Rahul Gandhi
Congress meets Rajnath Singh over Rahul Gandhi's security after threat letter Pictured: Rahul Gandhi addresses a programme organised to celebrate the birth anniversary of Pt Jawaharlal Nehru at Nehru Bhawan in New Delhi on Nov. 7, 2015.IANS

Congress Vice President and Member of Parliament Rahul Gandhi reportedly opened up on the British citizenship issue, Monday, and said: "we will deal with it." His comment comes after a show-cause notice was sent to him regarding his citizenship by the Parliamentary Ethics Committee, which is headed by the Bharatiya Janata Party (BJP)-lawmaker LK Advani.

He was asked if he declared himself as a British citizen in two tax returns of his U.K.-based company, reports said.

The issue regarding Gandhi's citizenship was raised by BJP member Subramanian Swamy in November 2015. He said he possessed two tax returns documents of Gandhi's U.K.-based company Backops Limited from 2005 and 2006, in which Gandhi declared himself a British citizen. BJP MP Mahesh Girri then took up the issue with Speaker Sumitra Mahajan, who then referred it to the ethics panel in January 2016.

The Congress party has reportedly released other documents of the same company, in which the Congress MP has declared himself as an Indian citizen. They have said that the differing claims of citizenship can be chalked up to a "typing error" by the British authorities. The Congress have dismissed the probe as formality, as there is "nothing incriminating" against him, NDTV reported.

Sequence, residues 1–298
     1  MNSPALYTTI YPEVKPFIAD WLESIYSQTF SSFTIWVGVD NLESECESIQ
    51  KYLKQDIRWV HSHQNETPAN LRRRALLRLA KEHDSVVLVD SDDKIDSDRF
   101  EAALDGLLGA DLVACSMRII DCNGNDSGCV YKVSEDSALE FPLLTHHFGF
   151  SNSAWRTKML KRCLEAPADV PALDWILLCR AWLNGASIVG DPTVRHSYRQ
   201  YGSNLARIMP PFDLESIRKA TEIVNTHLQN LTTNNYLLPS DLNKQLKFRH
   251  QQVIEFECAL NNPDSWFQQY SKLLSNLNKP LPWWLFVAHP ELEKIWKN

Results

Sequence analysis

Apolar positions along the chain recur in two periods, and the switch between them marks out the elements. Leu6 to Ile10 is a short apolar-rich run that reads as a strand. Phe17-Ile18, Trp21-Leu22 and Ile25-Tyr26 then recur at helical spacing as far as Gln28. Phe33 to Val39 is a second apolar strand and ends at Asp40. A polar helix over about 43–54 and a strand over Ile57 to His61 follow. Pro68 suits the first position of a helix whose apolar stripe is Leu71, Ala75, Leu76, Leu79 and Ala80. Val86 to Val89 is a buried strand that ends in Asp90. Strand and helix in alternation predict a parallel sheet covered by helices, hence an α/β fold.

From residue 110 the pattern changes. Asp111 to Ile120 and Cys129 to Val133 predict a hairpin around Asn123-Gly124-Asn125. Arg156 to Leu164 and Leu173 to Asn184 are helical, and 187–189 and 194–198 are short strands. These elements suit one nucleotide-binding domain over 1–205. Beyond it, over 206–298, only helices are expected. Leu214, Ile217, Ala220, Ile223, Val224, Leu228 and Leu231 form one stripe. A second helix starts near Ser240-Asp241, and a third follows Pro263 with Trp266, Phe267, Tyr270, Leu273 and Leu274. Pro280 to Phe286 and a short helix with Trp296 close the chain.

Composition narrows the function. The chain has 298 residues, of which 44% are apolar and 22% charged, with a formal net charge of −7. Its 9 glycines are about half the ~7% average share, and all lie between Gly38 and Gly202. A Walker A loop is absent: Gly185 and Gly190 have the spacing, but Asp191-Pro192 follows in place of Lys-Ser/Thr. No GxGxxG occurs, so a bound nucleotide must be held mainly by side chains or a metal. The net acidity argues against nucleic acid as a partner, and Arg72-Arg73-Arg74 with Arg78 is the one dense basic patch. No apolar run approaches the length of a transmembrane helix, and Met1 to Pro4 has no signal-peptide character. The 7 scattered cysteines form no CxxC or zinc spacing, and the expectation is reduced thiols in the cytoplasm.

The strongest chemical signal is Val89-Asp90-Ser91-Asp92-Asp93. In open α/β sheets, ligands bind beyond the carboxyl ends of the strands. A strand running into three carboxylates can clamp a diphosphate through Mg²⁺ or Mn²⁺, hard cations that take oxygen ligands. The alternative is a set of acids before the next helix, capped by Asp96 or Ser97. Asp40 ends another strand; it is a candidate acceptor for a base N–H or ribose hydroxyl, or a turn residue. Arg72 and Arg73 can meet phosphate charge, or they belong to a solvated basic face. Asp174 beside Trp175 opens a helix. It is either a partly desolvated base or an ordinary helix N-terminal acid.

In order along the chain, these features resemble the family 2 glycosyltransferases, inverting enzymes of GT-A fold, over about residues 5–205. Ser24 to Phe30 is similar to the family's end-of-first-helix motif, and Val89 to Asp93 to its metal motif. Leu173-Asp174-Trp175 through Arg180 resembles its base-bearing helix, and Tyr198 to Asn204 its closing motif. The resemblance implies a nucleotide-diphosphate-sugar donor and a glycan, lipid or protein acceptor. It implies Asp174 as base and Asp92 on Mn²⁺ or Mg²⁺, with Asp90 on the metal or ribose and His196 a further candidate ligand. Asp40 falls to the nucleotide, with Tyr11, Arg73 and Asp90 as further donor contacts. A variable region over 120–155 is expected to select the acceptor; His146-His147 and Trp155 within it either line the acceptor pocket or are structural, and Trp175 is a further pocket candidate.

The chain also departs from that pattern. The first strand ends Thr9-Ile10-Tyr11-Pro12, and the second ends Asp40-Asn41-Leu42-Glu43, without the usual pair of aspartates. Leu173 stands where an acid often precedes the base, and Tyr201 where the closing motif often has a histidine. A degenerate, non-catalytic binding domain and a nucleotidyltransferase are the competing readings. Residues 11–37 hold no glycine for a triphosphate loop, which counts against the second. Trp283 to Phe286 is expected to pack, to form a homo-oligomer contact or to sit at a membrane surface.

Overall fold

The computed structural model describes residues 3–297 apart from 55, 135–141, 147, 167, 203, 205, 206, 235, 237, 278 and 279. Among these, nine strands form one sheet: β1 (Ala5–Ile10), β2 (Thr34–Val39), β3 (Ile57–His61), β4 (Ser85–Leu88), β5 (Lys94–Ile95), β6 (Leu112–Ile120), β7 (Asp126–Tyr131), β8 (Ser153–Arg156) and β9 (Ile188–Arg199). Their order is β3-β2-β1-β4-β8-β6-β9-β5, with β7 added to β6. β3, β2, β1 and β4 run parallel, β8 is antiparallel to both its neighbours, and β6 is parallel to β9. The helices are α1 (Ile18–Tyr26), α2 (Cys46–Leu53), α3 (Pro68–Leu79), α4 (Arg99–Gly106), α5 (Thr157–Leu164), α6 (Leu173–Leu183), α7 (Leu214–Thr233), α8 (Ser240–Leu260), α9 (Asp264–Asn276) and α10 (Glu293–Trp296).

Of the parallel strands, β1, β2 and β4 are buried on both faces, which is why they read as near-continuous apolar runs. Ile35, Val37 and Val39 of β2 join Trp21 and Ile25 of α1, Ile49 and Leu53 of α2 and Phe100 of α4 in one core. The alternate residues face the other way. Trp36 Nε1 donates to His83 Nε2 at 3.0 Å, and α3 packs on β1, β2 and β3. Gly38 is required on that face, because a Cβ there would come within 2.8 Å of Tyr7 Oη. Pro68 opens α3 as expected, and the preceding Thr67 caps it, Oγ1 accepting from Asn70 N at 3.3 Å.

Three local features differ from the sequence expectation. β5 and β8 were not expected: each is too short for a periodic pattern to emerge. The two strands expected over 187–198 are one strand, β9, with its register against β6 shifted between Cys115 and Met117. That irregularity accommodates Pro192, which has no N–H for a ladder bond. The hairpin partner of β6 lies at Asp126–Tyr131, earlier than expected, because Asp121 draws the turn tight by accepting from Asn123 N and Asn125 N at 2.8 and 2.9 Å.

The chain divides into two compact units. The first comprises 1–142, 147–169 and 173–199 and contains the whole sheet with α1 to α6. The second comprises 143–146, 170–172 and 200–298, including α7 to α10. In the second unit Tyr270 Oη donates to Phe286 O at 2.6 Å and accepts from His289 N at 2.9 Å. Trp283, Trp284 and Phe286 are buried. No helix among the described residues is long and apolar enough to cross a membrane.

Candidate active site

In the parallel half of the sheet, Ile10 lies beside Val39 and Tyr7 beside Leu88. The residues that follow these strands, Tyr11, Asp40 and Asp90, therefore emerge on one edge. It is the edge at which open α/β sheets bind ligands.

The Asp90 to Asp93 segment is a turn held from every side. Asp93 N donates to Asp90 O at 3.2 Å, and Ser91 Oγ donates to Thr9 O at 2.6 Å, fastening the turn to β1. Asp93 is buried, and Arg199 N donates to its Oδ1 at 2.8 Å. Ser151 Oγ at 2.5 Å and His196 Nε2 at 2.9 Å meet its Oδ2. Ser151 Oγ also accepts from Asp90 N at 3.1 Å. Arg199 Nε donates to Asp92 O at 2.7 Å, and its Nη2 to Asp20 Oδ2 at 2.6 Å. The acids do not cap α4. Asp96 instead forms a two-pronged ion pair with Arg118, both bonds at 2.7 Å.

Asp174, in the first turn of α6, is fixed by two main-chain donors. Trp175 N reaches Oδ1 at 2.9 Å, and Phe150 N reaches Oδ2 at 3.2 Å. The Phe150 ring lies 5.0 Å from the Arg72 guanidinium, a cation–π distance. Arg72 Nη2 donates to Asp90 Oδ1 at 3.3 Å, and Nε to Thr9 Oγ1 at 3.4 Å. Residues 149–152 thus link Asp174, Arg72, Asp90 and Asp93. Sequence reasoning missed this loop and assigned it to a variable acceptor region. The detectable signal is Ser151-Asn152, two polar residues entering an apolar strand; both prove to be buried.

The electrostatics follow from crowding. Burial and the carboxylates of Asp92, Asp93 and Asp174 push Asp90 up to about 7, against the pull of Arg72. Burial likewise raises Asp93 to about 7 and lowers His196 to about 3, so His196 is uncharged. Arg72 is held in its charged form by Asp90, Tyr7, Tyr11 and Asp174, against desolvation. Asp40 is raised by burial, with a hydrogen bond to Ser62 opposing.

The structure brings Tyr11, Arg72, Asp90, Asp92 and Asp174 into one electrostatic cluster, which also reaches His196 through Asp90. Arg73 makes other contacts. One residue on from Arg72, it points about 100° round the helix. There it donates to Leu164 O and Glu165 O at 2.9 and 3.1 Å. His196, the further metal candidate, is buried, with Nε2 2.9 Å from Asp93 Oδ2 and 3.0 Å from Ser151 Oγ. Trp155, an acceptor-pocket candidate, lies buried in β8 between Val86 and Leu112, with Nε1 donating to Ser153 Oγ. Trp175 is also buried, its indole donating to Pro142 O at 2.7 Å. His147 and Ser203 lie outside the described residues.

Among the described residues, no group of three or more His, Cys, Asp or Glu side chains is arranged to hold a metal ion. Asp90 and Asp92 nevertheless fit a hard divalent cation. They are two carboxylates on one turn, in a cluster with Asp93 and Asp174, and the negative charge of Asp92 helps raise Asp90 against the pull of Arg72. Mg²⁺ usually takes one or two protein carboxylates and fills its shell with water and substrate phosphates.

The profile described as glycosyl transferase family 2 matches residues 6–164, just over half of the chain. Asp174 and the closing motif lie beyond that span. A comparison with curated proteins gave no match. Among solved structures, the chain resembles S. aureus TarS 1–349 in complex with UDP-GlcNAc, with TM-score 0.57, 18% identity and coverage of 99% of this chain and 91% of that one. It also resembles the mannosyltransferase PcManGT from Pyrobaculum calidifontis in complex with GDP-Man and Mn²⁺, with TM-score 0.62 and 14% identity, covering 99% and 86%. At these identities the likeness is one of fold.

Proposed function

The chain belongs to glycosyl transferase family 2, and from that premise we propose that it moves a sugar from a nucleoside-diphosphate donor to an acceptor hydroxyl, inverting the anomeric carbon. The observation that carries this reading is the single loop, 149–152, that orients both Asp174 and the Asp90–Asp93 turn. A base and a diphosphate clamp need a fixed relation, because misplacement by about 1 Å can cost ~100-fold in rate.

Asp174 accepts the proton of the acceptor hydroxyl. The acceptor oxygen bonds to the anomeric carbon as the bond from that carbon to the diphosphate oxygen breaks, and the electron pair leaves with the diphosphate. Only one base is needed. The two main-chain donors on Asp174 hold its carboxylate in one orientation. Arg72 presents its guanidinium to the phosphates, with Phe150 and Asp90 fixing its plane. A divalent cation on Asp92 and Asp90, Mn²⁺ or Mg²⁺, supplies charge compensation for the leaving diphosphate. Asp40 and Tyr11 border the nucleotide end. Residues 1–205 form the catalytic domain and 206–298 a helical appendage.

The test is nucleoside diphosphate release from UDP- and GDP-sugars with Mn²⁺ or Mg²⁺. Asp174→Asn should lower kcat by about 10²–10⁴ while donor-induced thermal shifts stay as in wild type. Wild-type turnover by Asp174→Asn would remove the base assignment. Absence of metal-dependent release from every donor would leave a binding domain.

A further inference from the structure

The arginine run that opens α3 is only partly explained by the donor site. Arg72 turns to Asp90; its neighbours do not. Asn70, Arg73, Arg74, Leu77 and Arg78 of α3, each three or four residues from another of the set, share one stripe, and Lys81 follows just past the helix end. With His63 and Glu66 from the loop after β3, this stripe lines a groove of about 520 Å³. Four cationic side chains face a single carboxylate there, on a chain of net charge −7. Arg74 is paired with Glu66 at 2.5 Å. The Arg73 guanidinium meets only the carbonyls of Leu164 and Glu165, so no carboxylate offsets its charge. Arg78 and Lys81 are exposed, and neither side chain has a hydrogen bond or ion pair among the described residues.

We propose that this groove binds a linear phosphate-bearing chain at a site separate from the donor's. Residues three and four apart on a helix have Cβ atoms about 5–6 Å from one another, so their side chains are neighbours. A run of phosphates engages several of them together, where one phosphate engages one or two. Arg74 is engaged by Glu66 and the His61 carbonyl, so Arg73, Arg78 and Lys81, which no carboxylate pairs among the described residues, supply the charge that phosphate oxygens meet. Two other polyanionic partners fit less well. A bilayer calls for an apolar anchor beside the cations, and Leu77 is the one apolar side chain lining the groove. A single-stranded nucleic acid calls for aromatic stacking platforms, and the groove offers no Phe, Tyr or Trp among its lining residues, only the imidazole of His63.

In the notice, Gandhi has been asked to respond to the "complaint of ethical misconduct given by Subramanian Swamy and forwarded by Mahesh Girri."

The letter was sent to Gandhi late last week, the Economic Times reported.

The Congress party has accused the speaker of bypassing "the process of natural justice" by referring the issue to the ethics panel without giving Gandhi a chance to respond.

Gandhi also challenged Prime Minister Narendra Modi to jail him if the charges against him are proven.

India does not recognise dual citizenship, which the U.K. does. To be a part of Parliament, the candidate needs to be an Indian citizen, failing which would be a violation of the Representation of the People Act.

In a similar case, the Supreme Court had dismissed a Public Interest Litigation, filed by Advocate Mahesh Sharma, seeking a Central Bureau of Investigation (CBI) probe into Gandhi's citizenship in November 2015.